Source: Achillion Pharmaceuticals
Continue Reading Below
What: After reporting third quarter financial results and presenting an update on its progress in developing new therapies for hepatitis C, shares in Achillion Pharmaceuticals sky-rocketed 30.2% last month.
So what: Thanks to payments from Johnson & Johnson tied to its licensing of Achillion Pharmaceuticals hepatitis C pipeline, Achillion Pharmaceuticals reported third quarter net income of $26.3 million.
Overall, Achillion Pharmaceuticals recognized $33.8 million in revenue in the quarter, representing a portion of the $225 million paid by Johnson & Johnson to acquire shares in Achillion Pharmaceuticals at $12.25 per share.
For comparison, the company reported no revenue in the comparable quarter a year ago.
Achillion Pharmaceuticals also reported that its cash stockpile exiting the quarter had grown to $476 million and that it expects net operating cash used this year to total between $60 million and $65 million, down from prior expectations of between $100 million and $110 million.
The company also made a presentation at the Credit Suisse Healthcare Conference on November 11.
In that presentation, the company highlighted the potential for a best-in-class hepatitis C therapy that combines its NS5A inhibitor odalasvir with Johnson & Johnson's Olysio, a NS3/4A protease inhibitor, and ALS-335, a NS5B inhibitor. Odalasvir delivered 100% hepatitis C cure rates in as little as six weeks when used alongside Gilead Sciences Sovaldi in previous phase 2 trials, Olysio is already FDA approved, and ALS-335 targets the same mechanism as the massively successful Sovaldi.
Achillion Pharmaceuticals also used the presentation to talk up its pre-clinical oral complement factor D platform. The company hopes to initiate human trials to evaluate this platform as a therapy for paroxysmal nocturnal hemoglobinuria (PNH) next year.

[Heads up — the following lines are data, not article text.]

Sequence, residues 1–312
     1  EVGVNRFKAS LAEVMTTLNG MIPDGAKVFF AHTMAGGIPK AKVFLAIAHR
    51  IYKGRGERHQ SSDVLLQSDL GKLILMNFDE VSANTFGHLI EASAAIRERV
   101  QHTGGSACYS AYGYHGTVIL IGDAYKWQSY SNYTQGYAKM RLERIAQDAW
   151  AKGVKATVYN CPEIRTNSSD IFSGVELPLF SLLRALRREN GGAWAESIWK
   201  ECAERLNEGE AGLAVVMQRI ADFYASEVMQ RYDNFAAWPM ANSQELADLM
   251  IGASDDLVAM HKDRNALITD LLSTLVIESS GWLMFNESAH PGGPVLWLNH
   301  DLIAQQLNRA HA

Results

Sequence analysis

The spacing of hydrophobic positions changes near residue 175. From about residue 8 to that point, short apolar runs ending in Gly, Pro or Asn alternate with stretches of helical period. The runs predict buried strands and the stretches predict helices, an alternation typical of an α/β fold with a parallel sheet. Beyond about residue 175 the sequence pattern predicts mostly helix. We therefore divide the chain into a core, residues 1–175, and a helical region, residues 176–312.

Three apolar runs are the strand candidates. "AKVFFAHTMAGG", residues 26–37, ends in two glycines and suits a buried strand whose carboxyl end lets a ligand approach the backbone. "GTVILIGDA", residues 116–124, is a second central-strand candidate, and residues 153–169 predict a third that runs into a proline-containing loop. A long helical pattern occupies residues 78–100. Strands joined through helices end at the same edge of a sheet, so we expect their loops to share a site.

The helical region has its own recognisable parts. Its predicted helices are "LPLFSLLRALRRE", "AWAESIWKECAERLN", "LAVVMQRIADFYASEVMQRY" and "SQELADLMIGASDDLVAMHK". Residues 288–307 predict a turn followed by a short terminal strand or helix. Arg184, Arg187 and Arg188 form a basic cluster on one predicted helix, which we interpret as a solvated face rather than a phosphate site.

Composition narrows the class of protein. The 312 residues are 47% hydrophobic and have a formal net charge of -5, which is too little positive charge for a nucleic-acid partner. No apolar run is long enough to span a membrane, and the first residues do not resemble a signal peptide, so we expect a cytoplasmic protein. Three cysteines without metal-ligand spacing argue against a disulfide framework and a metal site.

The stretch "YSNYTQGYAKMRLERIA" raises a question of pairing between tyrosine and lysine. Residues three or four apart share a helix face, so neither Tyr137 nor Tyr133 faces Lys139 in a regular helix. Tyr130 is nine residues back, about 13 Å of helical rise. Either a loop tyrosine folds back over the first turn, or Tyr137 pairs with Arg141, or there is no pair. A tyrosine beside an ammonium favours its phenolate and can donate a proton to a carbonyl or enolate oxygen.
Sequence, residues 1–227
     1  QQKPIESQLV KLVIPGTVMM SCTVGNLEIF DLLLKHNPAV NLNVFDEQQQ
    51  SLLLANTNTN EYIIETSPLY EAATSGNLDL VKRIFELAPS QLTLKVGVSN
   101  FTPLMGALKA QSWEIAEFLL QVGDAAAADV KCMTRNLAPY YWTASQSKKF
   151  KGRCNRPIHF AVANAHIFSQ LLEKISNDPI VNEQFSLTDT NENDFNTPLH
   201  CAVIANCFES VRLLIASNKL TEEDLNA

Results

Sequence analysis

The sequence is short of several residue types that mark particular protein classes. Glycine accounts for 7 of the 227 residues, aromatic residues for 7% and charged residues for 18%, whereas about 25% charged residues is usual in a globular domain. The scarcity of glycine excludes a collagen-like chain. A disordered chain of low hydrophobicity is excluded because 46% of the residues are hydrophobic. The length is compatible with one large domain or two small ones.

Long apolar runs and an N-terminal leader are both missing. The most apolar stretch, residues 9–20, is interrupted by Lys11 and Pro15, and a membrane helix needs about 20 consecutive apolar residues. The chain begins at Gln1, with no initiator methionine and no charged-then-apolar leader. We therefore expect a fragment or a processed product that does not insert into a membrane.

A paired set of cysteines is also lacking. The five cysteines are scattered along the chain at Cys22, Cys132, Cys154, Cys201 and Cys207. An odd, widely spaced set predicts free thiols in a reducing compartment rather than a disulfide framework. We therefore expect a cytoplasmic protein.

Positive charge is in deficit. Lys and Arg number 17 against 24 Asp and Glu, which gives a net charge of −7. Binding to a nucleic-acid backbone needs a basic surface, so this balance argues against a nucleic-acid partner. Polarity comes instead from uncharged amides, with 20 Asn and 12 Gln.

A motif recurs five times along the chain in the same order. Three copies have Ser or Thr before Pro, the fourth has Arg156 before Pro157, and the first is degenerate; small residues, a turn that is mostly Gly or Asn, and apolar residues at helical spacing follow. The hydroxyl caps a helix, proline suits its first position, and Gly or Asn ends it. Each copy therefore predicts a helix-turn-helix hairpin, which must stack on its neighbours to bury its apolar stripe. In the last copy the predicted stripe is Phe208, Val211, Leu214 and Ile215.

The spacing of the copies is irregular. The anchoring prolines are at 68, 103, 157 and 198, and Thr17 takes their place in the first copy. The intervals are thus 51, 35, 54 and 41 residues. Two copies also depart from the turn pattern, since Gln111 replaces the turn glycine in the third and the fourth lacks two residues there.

Now what: In October, Johnson & Johnson announced its kicking-off a 3-pronged phase 2a study of the triplet hepatitis C cocktail that will evaluate efficacy over four, six, and eight week dosing periods.
If those results, which are expected in the first half of next year, are positive, then Johnson & Johnson could have an opportunity to significantly shorten treatment duration and reduce patient burden for hepatitis C patients.
If so, then Achillion Pharmaceuticals could benefit handsomely. As part of its licensing pact, Johnson & Johnson agreed to pay approximately $900 million to Achillion Pharmaceuticals in the form of development, regulatory, and commercial milestones. Achillion Pharmaceuticals can also receive royalties on global sales ranging from mid-teen percentages to the mid-twenties percentages if this triplet is eventually approved.
Because this trial could significantly move the needle for Achillion Pharmaceuticals (the market for hepatitis C therapy is between $10 billion and $20 billion annually) and Achillion Pharmaceuticals has plenty of cash on the books and a market cap of only $1.35 billion, it may be worth considering this stock for speculative portfolios.
The article Why Achillion Pharmaceuticals Shot 30% Higher in November originally appeared on Fool.com.
Todd Campbell owns shares of ACHILLION PHARMACEUTICALS, INC. and Gilead Sciences. Todd owns E.B. Capital Markets, LLC. E.B. Capital's clients may have positions in the companies mentioned. The Motley Fool owns shares of and recommends Gilead Sciences. The Motley Fool recommends Johnson & Johnson. Try any of our Foolish newsletter services free for 30 days. We Fools may not all hold the same opinions, but we all believe that considering a diverse range of insights makes us better investors. The Motley Fool has a disclosure policy.
Copyright 1995 - 2015 The Motley Fool, LLC. All rights reserved. The Motley Fool has a disclosure policy.